In case you were wondering why your Facebook feed has been flooded with pics of evening gowns for the last 24 hours, the Metropolitan Museum of Art in New York City held the Met Gala last night. Throughout the years, this gala has become a sort of fashion Olympics as celebrities show off some seriously fashion-forward styles on the red carpet.
The Green Carpet Challenge was created by Eco-Age, a brand consultancy helping fashion businesses incorporate sustainable practices. The movement challenges celebrities to wear and re-wear eco-friendly outfits on the red carpet to highlight changes needed in the fashion industry, the second largest polluter in the world. Those participating have been spotted at a few high profile events, but to see celebs sporting sustainable looks at the Met Gala made this particular event that much more special.
Besides, who says sustainable fashion can't be chic? Check out our favorite Green Carpet Challenge looks below:
British actress and activist Emma Watson wore a custom gown by Calvin Klein made of sustainable cotton, satin and recycled plastic yarn engineered from used plastic bottles.
The piece was specifically designed for the Green Carpet Challenge in collaboration with Eco-Age.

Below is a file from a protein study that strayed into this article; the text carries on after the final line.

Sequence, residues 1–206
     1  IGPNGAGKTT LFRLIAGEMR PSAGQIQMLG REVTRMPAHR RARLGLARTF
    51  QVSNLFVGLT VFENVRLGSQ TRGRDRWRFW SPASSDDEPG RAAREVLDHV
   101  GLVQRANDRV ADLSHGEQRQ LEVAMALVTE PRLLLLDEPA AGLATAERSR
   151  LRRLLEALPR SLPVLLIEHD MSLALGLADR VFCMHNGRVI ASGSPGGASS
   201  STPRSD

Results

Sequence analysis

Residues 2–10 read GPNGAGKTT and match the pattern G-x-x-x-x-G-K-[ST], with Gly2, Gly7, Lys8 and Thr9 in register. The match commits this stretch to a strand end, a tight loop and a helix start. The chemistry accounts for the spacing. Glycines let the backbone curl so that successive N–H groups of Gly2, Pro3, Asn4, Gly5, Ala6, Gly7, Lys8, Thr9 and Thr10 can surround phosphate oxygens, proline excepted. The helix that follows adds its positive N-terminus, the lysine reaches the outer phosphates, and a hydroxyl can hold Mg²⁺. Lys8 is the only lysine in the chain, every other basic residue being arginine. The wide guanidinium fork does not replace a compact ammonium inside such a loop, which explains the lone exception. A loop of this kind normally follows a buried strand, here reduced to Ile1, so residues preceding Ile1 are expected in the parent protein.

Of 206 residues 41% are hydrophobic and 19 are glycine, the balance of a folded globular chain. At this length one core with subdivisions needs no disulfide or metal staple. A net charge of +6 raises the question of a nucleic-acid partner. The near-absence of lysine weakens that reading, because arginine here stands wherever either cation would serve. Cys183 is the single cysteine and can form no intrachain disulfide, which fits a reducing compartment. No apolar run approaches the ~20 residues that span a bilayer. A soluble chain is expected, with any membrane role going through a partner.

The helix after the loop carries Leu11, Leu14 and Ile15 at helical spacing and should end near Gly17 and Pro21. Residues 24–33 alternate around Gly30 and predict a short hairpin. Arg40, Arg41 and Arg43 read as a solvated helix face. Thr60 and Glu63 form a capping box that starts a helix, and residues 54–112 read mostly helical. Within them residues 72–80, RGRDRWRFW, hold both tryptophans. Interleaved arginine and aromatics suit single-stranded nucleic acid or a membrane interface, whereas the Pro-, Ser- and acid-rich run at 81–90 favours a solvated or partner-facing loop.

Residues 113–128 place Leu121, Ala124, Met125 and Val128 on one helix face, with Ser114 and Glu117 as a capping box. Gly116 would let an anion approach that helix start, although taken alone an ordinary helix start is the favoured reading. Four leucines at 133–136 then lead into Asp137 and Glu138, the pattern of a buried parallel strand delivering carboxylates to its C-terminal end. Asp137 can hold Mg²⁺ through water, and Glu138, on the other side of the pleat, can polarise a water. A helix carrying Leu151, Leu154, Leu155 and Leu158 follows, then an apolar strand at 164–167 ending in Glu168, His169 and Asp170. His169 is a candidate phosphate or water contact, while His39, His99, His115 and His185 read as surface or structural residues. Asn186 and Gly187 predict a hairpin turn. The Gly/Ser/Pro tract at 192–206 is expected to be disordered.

Australian actress Margot Robbie also wore a piece Calvin Klein designed for the challenge. The sustainable silk crepe strapless gown with cutouts features zippers made from recycled materials.
Robbie quickly made headlines after she wore the same dress to the Met Gala's after party. Her decision to do this showed her commitment to sustainable fashion and staying green all night long.
Livia Firth, founder of Eco-Age, wore the same piece she rocked in 2013 at the Winter Whites Gala at Kensington Palace.
"This dip hemmed gown by designer Henrietta Ludgate was created out of end-of-the-line, up-cycled duchess silk. This gown is well and truly on its way to #30wears," Firth writes on her Instagram account.
The hashtag refers to the idea that before buying, consumers should always ask themselves if they will wear the garment at least 30 times before throwing it away.